Toxicological sciences : an official journal of the Society of Toxicology

Editor's Highlight: Modeling Compound-Induced Fibrogenesis In Vitro Using Three-Dimensional Bioprinted Human Liver Tissues.

PMID 27605418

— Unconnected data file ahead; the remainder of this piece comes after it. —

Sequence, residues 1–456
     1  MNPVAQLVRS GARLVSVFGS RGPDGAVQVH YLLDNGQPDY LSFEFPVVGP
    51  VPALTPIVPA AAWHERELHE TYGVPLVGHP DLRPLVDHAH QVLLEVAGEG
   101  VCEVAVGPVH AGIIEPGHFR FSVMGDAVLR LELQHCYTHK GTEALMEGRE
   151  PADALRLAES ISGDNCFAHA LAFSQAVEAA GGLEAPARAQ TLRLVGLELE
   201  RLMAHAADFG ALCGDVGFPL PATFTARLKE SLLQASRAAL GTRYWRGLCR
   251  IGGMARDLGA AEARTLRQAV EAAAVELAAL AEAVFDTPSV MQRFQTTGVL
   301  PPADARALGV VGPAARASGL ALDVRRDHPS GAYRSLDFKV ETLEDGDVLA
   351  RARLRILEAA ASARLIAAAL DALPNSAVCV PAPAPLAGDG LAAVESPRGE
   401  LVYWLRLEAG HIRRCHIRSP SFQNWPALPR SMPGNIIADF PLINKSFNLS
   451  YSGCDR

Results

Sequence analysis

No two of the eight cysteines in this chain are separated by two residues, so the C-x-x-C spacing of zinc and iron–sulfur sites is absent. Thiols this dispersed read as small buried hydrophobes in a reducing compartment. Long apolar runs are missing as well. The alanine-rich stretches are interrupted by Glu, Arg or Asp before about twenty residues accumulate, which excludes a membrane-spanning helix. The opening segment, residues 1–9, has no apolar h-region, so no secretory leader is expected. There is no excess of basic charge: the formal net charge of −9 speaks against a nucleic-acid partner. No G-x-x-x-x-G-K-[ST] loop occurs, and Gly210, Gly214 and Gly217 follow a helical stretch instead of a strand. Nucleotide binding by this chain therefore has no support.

Compound-induced liver injury leading to fibrosis remains a challenge for the development of an Adverse Outcome Pathway useful for human risk assessment. Latency to detection and lack of early, systematically detectable biomarkers make it difficult to characterize the dynamic and complex intercellular interactions that occur during progressive liver injury. Here, we demonstrate the utility of bioprinted tissue constructs comprising primary hepatocytes, hepatic stellate cells, and endothelial cells to model methotrexate- and thioacetamide-induced liver injury leading to fibrosis. Repeated, low-concentration exposure to these compounds enabled the detection and differentiation of multiple modes of liver injury, including hepatocellular damage, and progressive fibrogenesis characterized by the deposition and accumulation of fibrillar collagens in patterns analogous to those described in clinical samples obtained from patients with fibrotic liver injury. Transient cytokine production and upregulation of fibrosis-associated genes ACTA2 and COL1A1 mimics hallmark features of a classic wound-healing response. A surge in proinflammatory cytokines (eg, IL-8, IL-1β) during the early culture time period is followed by concentration- and treatment-dependent alterations in immunomodulatory and chemotactic cytokines such as IL-13, IL-6, and MCP-1. These combined data provide strong proof-of-concept that 3D bioprinted liver tissues can recapitulate drug-, chemical-, and TGF-β1-induced fibrogenesis at the cellular, molecular, and histological levels and underscore the value of the model for further exploration of compound-specific fibrogenic responses. This novel system will enable a more comprehensive characterization of key attributes unique to fibrogenic agents during the onset and progression of liver injury as well as mechanistic insights, thus improving compound risk assessment.

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